anarchical situation to preserve order so that free elections can be held (Dominican Republic in 1965).
In situations of civil strife where there has been no foreign intervention (Indonesia in 1958; Laos in 1960; and Pakistan in 1970), and even in situations of civil strife where there has been illegal foreign assistance in the form of the supply of arms, the United States has not intervened where the legally established government has not been threatened and has not requested our assistance (Nigeria in 1967).
Where there has been assistance by other foreign states by supplying arms in situations of civil strife, the United States has distinguished between a nontraditional supplier of arms which it condemned, and a traditional supplier of arms as the former metropole which it condoned (Nigeria in 1967). The practice of the United States in this regard is consistent. As a nontraditional supplier of arms to Pakistan in 1971, the United States ceased its resumption of arms supply during the internal conflict with East Pakistan.
Where a lawfully constituted government exists, and there is aggression from an external source in an internal conflict, international law recognizes the legitimacy of foreign assistance to that government on the ground of collective self-defense. Where a state intervenes in a situation of internal disorder for the protection of its own nationals, international law recognizes the legitimacy of such intervention arguably as an extension of the right of selfdefense. The legitimacy of foreign state intervention in situations of civil disorder for the rescue of the lives of nationals as well as nonnationals where the legitimate government is incapable of rendering the required protection is also upheld by traditional international law under the separate doctrine of humanitarian intervention. Foreign state intervention in a situation of anarchy produced by civil strife where there is a total collapse of government authority, for nonpartisan purposes, to enforce a cease-fire or preserve order for the carrying out of free elections is, arguably, not intervention in the accepted sense of interference. The United States defended its intervention in the Dominican Republic in 1965 on this ground, and invoked the activity and authority of the regional organization for additional defense. Neither traditional nor contemporary international law specifically addresses this type of intervention. Through the precedent established by the United States, the legal rationale of the nonintervention principle which seeks to prohibit prejudicial interference in a situation of civil strife may have received sharper definition rendering such nonpartisan, nonprejudicial acts of intervention permissible. Dept. of State File No. P77 0016-2901.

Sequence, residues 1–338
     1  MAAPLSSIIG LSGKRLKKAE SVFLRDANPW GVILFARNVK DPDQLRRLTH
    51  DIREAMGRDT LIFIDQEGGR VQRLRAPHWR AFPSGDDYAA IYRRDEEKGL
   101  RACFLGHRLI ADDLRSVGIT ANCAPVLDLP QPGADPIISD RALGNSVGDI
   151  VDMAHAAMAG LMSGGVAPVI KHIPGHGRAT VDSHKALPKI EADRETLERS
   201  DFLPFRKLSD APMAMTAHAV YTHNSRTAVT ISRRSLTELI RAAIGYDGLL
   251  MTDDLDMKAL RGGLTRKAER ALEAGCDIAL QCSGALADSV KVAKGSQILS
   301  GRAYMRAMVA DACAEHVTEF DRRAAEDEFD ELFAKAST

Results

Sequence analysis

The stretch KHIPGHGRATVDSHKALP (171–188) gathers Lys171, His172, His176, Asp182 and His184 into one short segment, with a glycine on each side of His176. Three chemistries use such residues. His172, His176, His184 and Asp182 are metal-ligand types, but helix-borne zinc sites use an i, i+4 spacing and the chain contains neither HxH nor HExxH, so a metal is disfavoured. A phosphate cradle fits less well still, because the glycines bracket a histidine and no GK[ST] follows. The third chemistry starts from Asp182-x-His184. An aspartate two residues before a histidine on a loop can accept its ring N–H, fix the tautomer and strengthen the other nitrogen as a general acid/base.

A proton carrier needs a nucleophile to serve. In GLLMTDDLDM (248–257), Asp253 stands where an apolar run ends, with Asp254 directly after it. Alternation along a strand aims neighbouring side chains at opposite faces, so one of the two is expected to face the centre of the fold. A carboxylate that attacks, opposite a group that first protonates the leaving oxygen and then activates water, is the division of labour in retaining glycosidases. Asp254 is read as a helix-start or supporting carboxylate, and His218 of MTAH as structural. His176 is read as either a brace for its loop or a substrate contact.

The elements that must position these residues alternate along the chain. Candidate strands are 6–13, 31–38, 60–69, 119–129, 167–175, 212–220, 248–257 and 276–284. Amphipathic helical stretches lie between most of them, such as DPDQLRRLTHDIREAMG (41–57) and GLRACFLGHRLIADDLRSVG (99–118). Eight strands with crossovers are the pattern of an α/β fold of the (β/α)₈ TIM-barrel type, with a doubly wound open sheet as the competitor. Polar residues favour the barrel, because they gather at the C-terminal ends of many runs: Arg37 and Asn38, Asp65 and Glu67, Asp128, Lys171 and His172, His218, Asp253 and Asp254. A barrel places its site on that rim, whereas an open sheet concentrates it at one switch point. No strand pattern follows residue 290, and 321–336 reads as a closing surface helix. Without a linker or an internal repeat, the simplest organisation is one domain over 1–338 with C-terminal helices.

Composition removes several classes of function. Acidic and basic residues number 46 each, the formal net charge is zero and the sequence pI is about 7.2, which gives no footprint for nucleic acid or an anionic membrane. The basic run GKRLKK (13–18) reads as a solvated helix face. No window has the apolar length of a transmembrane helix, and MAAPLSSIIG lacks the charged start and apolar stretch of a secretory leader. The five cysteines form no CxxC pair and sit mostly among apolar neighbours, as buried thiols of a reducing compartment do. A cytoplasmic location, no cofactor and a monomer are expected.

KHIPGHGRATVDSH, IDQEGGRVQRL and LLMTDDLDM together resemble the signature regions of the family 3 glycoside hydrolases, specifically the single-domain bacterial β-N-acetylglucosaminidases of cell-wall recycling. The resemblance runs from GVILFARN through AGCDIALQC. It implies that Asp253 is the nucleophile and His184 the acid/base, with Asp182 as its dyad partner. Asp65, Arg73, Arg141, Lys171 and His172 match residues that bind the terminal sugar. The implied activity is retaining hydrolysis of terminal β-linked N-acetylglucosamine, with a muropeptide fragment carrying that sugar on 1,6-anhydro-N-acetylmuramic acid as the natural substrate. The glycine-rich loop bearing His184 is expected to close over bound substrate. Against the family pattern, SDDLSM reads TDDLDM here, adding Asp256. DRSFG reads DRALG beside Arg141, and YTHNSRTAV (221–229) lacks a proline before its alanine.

Ambassador Robert J. McCloskey, Assistant Secretary of State for Congressional Relations, in a letter dated June 2, 1976, responded to an inquiry from Senator Dick Clark relating to Cuban intervention in Angola and possible U.S. responses to it. The following are excerpts from Ambassador McCloskey's letter: